Prutzman, Jr. v. Wells Fargo Bank, N.A., No. 4:2012cv03565 - Document 17 (S.D. Tex. 2013)

Court Description: MEMORANDUM OPINION AND ORDER GRANTING 12 MOTION for Judgment on the Pleadings Judgment, DENYING plaintif's request for leave to amend his complaint.(Signed by Judge Gray H. Miller) Parties notified.(rkonieczny)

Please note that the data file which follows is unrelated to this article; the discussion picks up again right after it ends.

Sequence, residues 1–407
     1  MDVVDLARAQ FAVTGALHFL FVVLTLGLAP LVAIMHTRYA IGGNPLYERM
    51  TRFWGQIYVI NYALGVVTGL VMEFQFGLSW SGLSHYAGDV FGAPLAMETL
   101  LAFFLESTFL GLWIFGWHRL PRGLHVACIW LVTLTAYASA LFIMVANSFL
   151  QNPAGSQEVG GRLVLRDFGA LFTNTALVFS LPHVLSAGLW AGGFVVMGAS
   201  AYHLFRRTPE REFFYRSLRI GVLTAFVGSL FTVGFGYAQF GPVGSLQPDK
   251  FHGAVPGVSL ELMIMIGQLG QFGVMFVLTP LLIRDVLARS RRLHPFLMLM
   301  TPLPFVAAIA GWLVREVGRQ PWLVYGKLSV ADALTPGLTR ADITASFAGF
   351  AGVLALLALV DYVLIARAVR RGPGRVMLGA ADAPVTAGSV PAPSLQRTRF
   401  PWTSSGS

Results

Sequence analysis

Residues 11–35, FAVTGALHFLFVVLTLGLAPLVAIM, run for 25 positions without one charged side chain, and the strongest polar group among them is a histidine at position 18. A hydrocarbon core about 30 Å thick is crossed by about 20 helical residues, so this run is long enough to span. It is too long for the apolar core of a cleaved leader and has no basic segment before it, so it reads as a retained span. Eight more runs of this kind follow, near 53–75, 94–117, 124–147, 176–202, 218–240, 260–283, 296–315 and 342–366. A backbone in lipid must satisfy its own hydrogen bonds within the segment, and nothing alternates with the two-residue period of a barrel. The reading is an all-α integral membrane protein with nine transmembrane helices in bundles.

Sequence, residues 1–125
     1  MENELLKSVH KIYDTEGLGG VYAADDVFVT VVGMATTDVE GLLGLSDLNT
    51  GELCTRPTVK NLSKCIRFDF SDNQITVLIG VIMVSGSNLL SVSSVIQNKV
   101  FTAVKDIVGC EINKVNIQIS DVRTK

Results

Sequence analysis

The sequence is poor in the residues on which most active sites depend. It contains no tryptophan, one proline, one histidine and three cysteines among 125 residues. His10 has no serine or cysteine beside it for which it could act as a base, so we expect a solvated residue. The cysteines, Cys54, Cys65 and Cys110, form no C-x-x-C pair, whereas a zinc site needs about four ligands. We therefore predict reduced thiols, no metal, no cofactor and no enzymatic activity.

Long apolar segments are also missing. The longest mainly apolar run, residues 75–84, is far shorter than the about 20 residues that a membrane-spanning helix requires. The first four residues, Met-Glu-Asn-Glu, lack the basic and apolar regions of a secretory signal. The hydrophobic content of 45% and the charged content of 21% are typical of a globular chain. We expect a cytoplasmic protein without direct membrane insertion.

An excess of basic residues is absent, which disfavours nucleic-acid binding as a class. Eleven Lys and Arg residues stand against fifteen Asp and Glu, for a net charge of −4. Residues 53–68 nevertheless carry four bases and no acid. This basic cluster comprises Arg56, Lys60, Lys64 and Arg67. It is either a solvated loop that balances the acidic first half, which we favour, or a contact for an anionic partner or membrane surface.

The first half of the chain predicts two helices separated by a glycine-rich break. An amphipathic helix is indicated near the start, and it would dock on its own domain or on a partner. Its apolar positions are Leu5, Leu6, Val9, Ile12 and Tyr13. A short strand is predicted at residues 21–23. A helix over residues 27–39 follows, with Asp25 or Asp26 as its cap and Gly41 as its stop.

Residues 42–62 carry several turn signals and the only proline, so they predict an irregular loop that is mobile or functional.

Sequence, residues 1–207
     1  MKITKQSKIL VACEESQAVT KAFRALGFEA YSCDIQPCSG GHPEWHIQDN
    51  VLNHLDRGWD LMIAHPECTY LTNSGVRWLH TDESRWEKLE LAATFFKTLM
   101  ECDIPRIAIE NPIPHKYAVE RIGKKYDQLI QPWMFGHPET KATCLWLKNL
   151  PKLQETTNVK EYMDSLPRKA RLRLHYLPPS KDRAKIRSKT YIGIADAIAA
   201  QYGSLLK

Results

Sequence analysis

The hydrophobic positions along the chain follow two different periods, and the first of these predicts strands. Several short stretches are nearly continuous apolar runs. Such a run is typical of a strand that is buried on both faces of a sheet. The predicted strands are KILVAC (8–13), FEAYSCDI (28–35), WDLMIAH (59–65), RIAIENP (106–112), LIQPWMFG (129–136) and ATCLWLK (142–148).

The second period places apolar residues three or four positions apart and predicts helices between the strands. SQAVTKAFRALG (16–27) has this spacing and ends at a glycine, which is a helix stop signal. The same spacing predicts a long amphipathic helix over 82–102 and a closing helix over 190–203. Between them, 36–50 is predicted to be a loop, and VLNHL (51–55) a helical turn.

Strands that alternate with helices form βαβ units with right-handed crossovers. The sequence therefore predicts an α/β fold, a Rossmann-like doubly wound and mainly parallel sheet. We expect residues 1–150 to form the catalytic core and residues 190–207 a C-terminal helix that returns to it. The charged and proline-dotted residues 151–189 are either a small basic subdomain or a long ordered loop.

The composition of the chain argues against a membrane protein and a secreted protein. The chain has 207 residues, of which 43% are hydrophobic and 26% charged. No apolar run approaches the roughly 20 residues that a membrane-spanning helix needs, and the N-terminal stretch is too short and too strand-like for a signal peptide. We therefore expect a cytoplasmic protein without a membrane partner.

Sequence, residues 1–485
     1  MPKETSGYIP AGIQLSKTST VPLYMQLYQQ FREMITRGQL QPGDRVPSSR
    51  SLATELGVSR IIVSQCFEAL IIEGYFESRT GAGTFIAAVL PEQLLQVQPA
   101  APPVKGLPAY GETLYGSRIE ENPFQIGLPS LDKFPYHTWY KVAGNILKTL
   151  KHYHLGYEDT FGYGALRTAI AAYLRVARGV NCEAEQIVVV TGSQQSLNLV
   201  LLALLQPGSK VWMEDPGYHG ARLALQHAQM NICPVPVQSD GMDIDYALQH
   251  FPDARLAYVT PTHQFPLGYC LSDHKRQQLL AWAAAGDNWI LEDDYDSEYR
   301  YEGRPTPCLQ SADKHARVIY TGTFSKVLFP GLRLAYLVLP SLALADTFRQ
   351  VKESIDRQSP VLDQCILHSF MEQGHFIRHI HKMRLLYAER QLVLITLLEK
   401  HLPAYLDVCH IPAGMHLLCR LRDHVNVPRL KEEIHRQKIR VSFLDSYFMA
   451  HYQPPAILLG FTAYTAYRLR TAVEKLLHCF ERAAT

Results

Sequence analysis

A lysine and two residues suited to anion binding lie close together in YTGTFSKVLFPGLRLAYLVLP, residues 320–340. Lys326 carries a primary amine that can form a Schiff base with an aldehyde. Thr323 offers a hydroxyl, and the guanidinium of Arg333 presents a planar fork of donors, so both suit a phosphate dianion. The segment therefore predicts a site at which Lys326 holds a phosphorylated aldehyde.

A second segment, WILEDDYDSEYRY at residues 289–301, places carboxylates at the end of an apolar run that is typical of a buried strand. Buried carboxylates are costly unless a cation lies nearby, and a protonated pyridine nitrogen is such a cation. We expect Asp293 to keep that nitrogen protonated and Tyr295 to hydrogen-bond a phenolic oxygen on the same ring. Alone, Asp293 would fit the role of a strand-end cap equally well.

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Prutzman, Jr. v. Wells Fargo Bank, N.A. Doc. 17 UNITED STATES DISTRICT COURT SOUTHERN DISTRICT OF TEXAS HOUSTON DIVISION JOHN MARSHALL PRUTZMAN , JR ., Plaintiff, v. WELLS FARGO BANK , N.A., Defendant. § § § § § § § § § CIVIL ACTION H-12-3565 M EMORANDUM O PINION & O RDER Pending before the court is defendant Wells Fargo Bank, N.A. s ( Wells Fargo ) motion for judgment on the pleadings (the motion ). Dkt. 12. Upon consideration of the pleadings, briefing, and applicable law, Wells Fargo s motion (Dkt. 12) is GRANTED. Further, plaintiff John Marshall Prutzman Jr. s ( Prutzman ) request for leave to amend his complaint is DENIED. I. B ACKGROUND Prutzman is the owner of the home in dispute located in Waller County, Texas. Dkt. 1, Ex. B.2 (Prutzman s original petition) at 1.1 In January 2002, the Prutzmans obtained a home equity loan from Ameriquest Mortgage Company. Dkt. 1, Ex. A to Ex. B.2 (Prutzman s demand letter to Wells Fargo) at 1. The security instrument for this loan was recorded in the Waller County deed records. Id. After executing the loan, the Prutzmans financed a second home equity loan with Wells Fargo on January 24, 2004. Id. at 2. On March 22, 2011, seven years after Prutzman closed the second loan, Prutzman sent Wells Fargo a letter in which he claimed that the issuance of the second home equity loan violated several 1 Prutzman originally owned the home with his late wife, Patricia Prutzman. According to the petition, the W aller County Probate Court is currently considering the disposition of Mrs. Prutzman s estate, and Prutzman claims that her property interest in the home will soon pass to him under the terms of her will. Dkt. 1, Ex. B.2 at 2. Dockets.Justia.com provisions of the Texas Constitution. Dkt. 1, Ex. B.2 at 3; id., Ex. A; see TEX . CONST . art. XVI, § 50(a)(6). Although Prutzman requested that Wells Fargo cure the alleged violations, he alleges that, to date, Wells Fargo has not done so. Dkt. 1, Ex. B.2 at 3 4. On November 2, 2012, Prutzman sued Wells Fargo in state court, and Wells Fargo removed the case on December 7, 2012. Dkt. 1. Prutzman s original petition asserts multiple violations of Article XVI, § 50(a)(6) of the Texas Constitution including (1) closing on a home equity loan before the minimum twelve (12) days waiting time, as required by § 50(a)(6)(M)(I); (2) failing to disclose the constitutional restrictions imposed on lenders, as required by § 50(a)(6)(M)(I) & § 50(g); (3) charging more than three percent of the total loan amount for fees associated with the funding and closing of the loan, as prohibited by § 50(a)(6)(E); (4) enforcing a second home equity loan on a homestead with an existing home equity loan, as prohibited by § 50(a)(6)(K); and (5) failing to cure constitutional violations within sixty days after notice has been given under § 50(a)(6)(Q)(x). Dkt. 1, Ex. B.2 at 2 3. On December 14, 2012, Wells Fargo answered Prutzman s petition, asserting an affirmative defense that Prutzman s claims are barred in whole or in part by the applicable statute of limitations. Dkt. 3 (Wells Fargo s answer) at 4. Then, on March 18, 2013, Wells Fargo moved for judgment on the pleadings on the basis of its limitations defense. See Dkt. 12. II. S TANDARD OF R EVIEW A Rule 12(c) motion for judgment on the pleadings is designed to dispose of cases where the material facts are not in dispute and a judgment on the merits can be rendered by looking to the substance of the pleadings and any judicially noticed facts. Herbert Abstract Co. v. Touchstone Props., Ltd., 914 F.2d 74, 76 (5th Cir. 1990) (per curiam). The standard for evaluating a Rule 12(c) 2 motion is the same as the standard for evaluating a Rule 12(b)(6) motion for failure to state a claim. Doe v. MySpace, Inc., 528 F.3d 413, 418 (5th Cir. 2008). The court does not look beyond the face of the pleadings when determining whether the plaintiff has stated a claim under Rule 12(b)(6). Spivey v. Robertson, 197 F.3d 772, 774 (5th Cir. 1999). In order to survive a motion to dismiss, the complaint must contain sufficient factual matter, accepted as true, to state a claim to relief that is plausible on its face. Aschroft v. Iqbal, 556 U.S. 662, 678, 129 S. Ct. 1937 (2009) (quoting Bell Atl. Corp. v. Twombly, 550 U.S. 554, 570, 127 S. Ct. 1955 (2007)). A statute of limitations may support dismissal under [Rule 12(c)] where it is evident from the plaintiff s pleadings that the action is barred and the pleadings fail to raise some basis for tolling or the like. Jones v. Alcoa, Inc., 339 F.3d 359, 366 (5th Cir. 2003); Clark v. Amoco Prod. Co., 794 F.2d 967, 970 (5th Cir. 1986) ( [A] claim may also be dismissed if a successful affirmative defense appears clearly on the face of the pleadings. ). III. A NALYSIS In evaluating claims arising under state law, federal courts apply the corresponding state statute of limitations and any relevant exceptions. See Guaranty Trust Co. v. York, 326 U.S. 99, 112, 65 S. Ct. 1464 (1945); Huss v. Gayden, 571 F.3d 442, 450 (5th Cir. 2009). Wells Fargo s motion and Prutzman s response confirm that the outcome of this case will be decided on the issues of whether and how a statute of limitations applies to claims under Article XVI, § 50(a)(6) of the Texas Constitution and whether Prutzman has properly pled that the accrual of his claims should be tolled. The court will consider three steps for its limitations analysis under Texas law: (1) what the applicable limitations period is, if any; (2) when the claims accrue; and (3) if there are any properly pled tolling grounds to suspend the running of limitations. 3 A. Applicable Limitations Period Wells Fargo argues in its motion that Prutzman s claims are time-barred, as the Fifth Circuit recently held that Texas s residual four-year statute of limitations applies to all § 50(a)(6) causes of action. See TEX . CIV . PRAC . & REM . CODE ANN . § 16.051 (West 2008) ( Every action for which there is no express limitations period, except an action for the recovery of real property, must be brought not later than four years after the day the cause of action accrues. ); Priester v. JP Morgan Chase Bank, N.A., 708 F.3d 667, 674 (5th Cir. 2013) (holding that the four-year statute of limitations period applies to constitutional violations under § 50(a)(6)). In Priester, the plaintiffs sought to invalidate a home equity loan on grounds that the loan was in violation of two § 50(a)(6) provisions. Priester, 708 F.3d at 672 73. The defendants responded that the plaintiffs claims were barred by the residual four-year statute of limitations. Id. at 673. Recognizing that the Texas Supreme Court had not yet addressed this issue, the Priester court made an Erie guess that the residual four-year statute of limitations applies to claims arising under § 50(a)(6) of the Texas Constitution. See id. at 674; Beavers v. Metro. Life Ins. Co., 566 F.3d 436, 439 (5th Cir. 2009) (explaining that the court must make an Erie guess if no state court decisions control). The Priester court distinguished district court cases stating that the residual statute of limitations does not apply, and reasoned that a lien created in violation of § 50(a)(6) was voidable rather than void ab initio. See id. at 674 (suggesting that the Texas Supreme Court considers a lien created in violation of § 50(a)(6) to be voidable instead of void) (citing Doody v. Ameriquest Mortg. Co., 49 S.W.3d 342, 346 (Tex. 2001)). If a lien is void ab initio, a statute of limitations need not apply because the lien is always void and constitutes a title cloud, the removal of which is an equitable action without a limitations period. See Ditta v. Conte, 298 S.W.3d 187, 4 192 (Tex. 2009) ( [A]s long as an injury clouding title remains, so too does an equitable action to remove the cloud; therefore, a suit to remove the cloud is not time-barred ). However, if a lien is merely voidable, the defect can be cured and is not a cloud on title. See Doody, 49 S.W.3d at 346 (stating that a lien that may be invalidated at the outset may not support a remedy at a later date). Therefore, as the court concluded in Priester, a statute of limitations period should be applied to all claims under § 50(a)(6) because it is contrary to the constitutional scheme that a person can indefinitely seek a remedy for a curable title defect. See Priester, 708 F.3d at 674 n.4. Here, Prutzman asserts five § 50(a)(6) claims in his original petition, but he restricts his limitations arguments to the § 50(a)(6)(K) violation regarding the existence of two home equity loans.2 After reviewing Priester s constitutional analysis, the court finds that Priester s holding applies to § 50(a)(6) in its entirety. See id. Furthermore, the cure provision under § 50(a)(6)(Q)(x)(e) applies to § 50(a)(6)(K) and, following the court s logic in Priester, the second lien is voidable instead of void ab initio because it can be cured. The second lien is not a cloud on Prutzman s title and the cure is thus constrained by the residual four-year limitations period. Cf. McDonough v. JP Morgan Chase Bank, N.A., No. 3:12-cv-189, 2013 WL 1966930, at *3 (S.D. Tex. May 13, 2013) (holding under similar circumstances that [b]ased on Priester, the [plaintiffs ] suit is subject to a four-year statute of limitations that began to run on . . . the closing date of the second home equity loan ). 2 If the violation falls under § 50(a)(6)(K), in which the debtor has two open home equity loans, the debtor must provide written notice and the violation must be cured by abatement of the debtor s obligations under the second loan while the prior lien remains secured by the homestead. T EX . C O N ST . art. XVI, § 50(a)(6)(Q)(x)(e). If the lender fails to cure the violation by the sixtieth day after the notification, then the lender forfeits all principal and interest on the loan. Id. § 50(a)(6)(Q)(x). 5 Prutzman relies on a recent district court opinion to argue that Priester s holding does not apply to § 50(a)(6)(K). See Smith v. JPMorgan Chase Bank, Nat l Ass n, 825 F. Supp. 2d 859, 867 (S.D. Tex. 2011) (holding that the statute of limitations did not bar plaintiffs claims under § 50(a)(6)(K)). However, Smith pre-dates Priester and this court is bound by the Fifth Circuit s interpretation of Texas law unless a subsequent state court decision or statutory amendment renders [the Fifth Circuit s] prior decision clearly wrong. Hughes v. Tobacco Inst., Inc., 278 F.3d 417, 421 (5th Cir. 2001) (citing Batts v. Tow-Motor Forklift Co., 66 F.3d 743, 749 (5th Cir. 1995)). Priester was decided in February 2013, and since that time there have been no new decisions or amendments that are binding on this court. Priester remains controlling, and the residual four-year statute of limitations applies to all § 50(a)(6) claims. B. The Accrual Date Now that the court has found that a four-year statute of limitations applies to Prutzman s claims, the court turns to the precise date that the limitations period begins, i.e., where the claims accrue under Texas law. Ordinarily, Texas limitations periods begin to run when a wrongful act occurs that causes a legal injury, even if the injury is not immediately discovered, and even if all damages have not yet occurred. See Provident Life & Acc. Ins. Co. v. Knott, 128 S.W.3d 211, 221 (Tex. 2003). This is known as the legal injury rule. Id. Prutzman asserts that the legal injury rule does not apply to his claims, citing two exceptions that defer the accrual date, the discovery rule and continuing violations. First, the discovery rule applies in cases where (1) the nature of the injury is inherently undiscoverable and (2) the evidence of injury is objectively verifiable. Beavers, 566 F.3d at 439 (citing Computer Assocs. Int l, Inc. v. Altai, Inc., 918 S.W.2d 453, 456 (Tex. 1996)). The discovery rule in Texas is a very limited exception to the statute of limitations. Beavers, 566 6 F.3d at 439. An injury is inherently undiscoverable if it is unlikely to be discovered within the prescribed limitations period despite due diligence. Altai, 918 S.W.2d at 456. This element focuses on the categorical nature of the injury rather than on the circumstances of a particular case. Beavers, 566 F.3d at 439. Although Prutzman briefly contends that the discovery rule should apply to his claims, the Priester court clearly held that the legal injury rule applies to the creation of unconstitutional liens. Priester, 708 F.3d at 675. While Prutzman may not have known that he suffered an injury when he entered into the second home equity loan, there is no evidence that his injury was inherently undiscoverable. Prutzman knew of the existence of both home equity loans, and he could have reviewed Texas law to determine that two outstanding home equity loans on a homestead violate the Texas Constitution. The court reaffirms that the discovery rule does not apply to claims arising under § 50(a)(6).3 Id. at 676 77. Second Prutzman argues that the running of limitations should be deferred because § 50(a)(6)(K) claims are continuing violations and the limitations period should not run until after the first loan is paid off. Dkt. 13 at 3. A continuing violation occurs when the conduct that causes injury is ongoing rather than isolated in nature. Interamericas Invs., Ltd. v. Bd. of Governors of the Fed. Reserve Sys., 111 F.3d 376, 382 (5th Cir. 1997). The accrual date of a continuing violation is deferred until the conclusion of the ongoing conduct. See Toussie v. United States, 397 U.S. 112, 135, 90 S. Ct. 858 (1970). Here, Prutzman asserts that the second loan s payments constitute a continuing violation, essentially arguing that his claim does not accrue until after the final periodic payment. Prutzman 3 Because Prutzman does not satisfy the first element of the discovery rule, the court need not address the second element regarding whether Prutzman s claims are objectively verifiable. 7 fails to cite any case law supporting this claim, nor has the court found any cases that have applied the continuing violation doctrine in these circumstances. However, Texas courts have applied the legal injury rule in other contexts with periodic contractual payments, and those courts have not found that recurring payments deferred the running of limitations. For instance, in HECI Exploration Co. v. Neel, the plaintiffs alleged that the defendants negligence damaged a gas reservoir resulting in underpayment of certain royalty payments under an oil and gas lease. 982 S.W.2d 881, 886 (Tex. 1998). Notably, the court did not consider that the continual underpayments made to the plaintiffs constituted a continuing injury. Id. Rather, the Neel court held that the claim accrued when the initial damage to the common reservoir occurred. Id. Under this reasoning, although Prutzman allegedly suffered damages after each payment on the second home equity loan, the claim accrued upon the execution of the second loan when the injury-producing conduct occurred. Murray v. San Jacinto Agency, Inc., 800 S.W.2d 826, 828 (Tex. 1990) ( The fact that damage may continue to occur for an extended period... does not prevent [the] limitations [period] from starting to run. ). The court therefore holds that a § 50(a)(6)(K) violation is not a continuing violation under Texas law. In sum, Prutzman s injury is not inherently undiscoverable, and he has not shown a continuing violation to defer the limitations period. The legal injury to Prutzman for all of his § 50(a)(6) claims occurred on January 24, 2004, the day that he closed the second home equity loan. Prutzman s claims accrued on that day, and absent tolling, his claim expired four years later on January 24, 2008. See Priester, 708 F.3d at 676 (concluding that the injury occurred when the plaintiff created the lien and that there was nothing to make that injury undiscoverable); Rivera v. 8 Countrywide Home Loans, Inc., 262 S.W.3d 834, 840 (Tex. App. Dallas 2008, no pet.) (concluding that the plaintiff s legal injury occurred on the date the extension of credit was made). C. Tolling Unlike the discovery rule and continuing violations, which defer the accrual date for a cause of action, tolling suspends the running of limitations after accrual. See Priester, 708 F.3d at 675 76. For a plaintiff to assert that tolling suspends the running of the limitations period, it must be pled in the complaint. See Jones, 339 F.3d at 366 (recognizing that tolling must be raised in the pleadings); Woods v. William M. Mercer, Inc., 769 S.W.2d 515, 518 (Tex. 1988) (explaining that failure to plead a matter in avoidance of the statute of limitations waives the defense in Texas courts). Prutzman did not plead any grounds for tolling in his original petition. Prutzman requests, however, in his response to the motion that if his pleading is factually insufficient, the court should grant him leave to amend his complaint and include allegations that the running of limitations be tolled. Under the Federal Rules, leave to amend shall be freely given when justice so requires, and the court is given broad discretion in granting leave. See FED . R. CIV . P. 15(a); U.S. ex rel. Willard v. Humana Health Plan of Tex. Inc., 336 F.3d 375, 386 (5th Cir. 2003). While a formal motion is not required under Rule 15(a), the requesting party must provide particular grounds for the amendment and relief sought. See FED . R. CIV . P. 7(b)(1), 15(a); see also Willard, 336 F.3d at 387. A bare request in an opposition to a motion to dismiss without any indication of the particular grounds on which the amendment is sought ... does not constitute a motion within the contemplation of Rule 15(a). Willard, 336 F.3d at 387 (quoting Confederate Mem l Ass n, Inc. v. Hines, 995 F.2d 295, 299 (D.C. Cir. 1993)). 9 Here, Prutzman s request for leave to amend lacks particularity regarding the basis for which leave should be granted. Prutzman requests that the Court enter an order permitting the plaintiff to amend to include factual allegations to support his claim based on an unspecified tolling ground. Dkt. 13 at 5. However, because Prutzman does not provide any specific reasons for which tolling should be recognized, nor does Prutzman attach a proposed amended complaint, the court will deny Prutzman s request for leave to amend. Id. Therefore, because limitations ran on January 24, 2008 and Prutzman did not file his complaint until November 2, 2012, his claims are barred by the residual four-year statute of limitations. IV. C ONCLUSION After considering the pleadings before the court and the applicable law on limitations for claims under Article XVI, § 50(a)(6) of the Texas Constitution, Wells Fargo s motion for judgment on the pleadings (Dkt. 12) is GRANTED. It is further ORDERED that Prutzman s request for leave to amend his complaint is DENIED, and his claims are DISMISSED WITH PREJUDICE. It is so ORDERED. Signed at Houston, Texas on August 12, 2013. ___________________________________ Gray H. Miller United States District Judge 10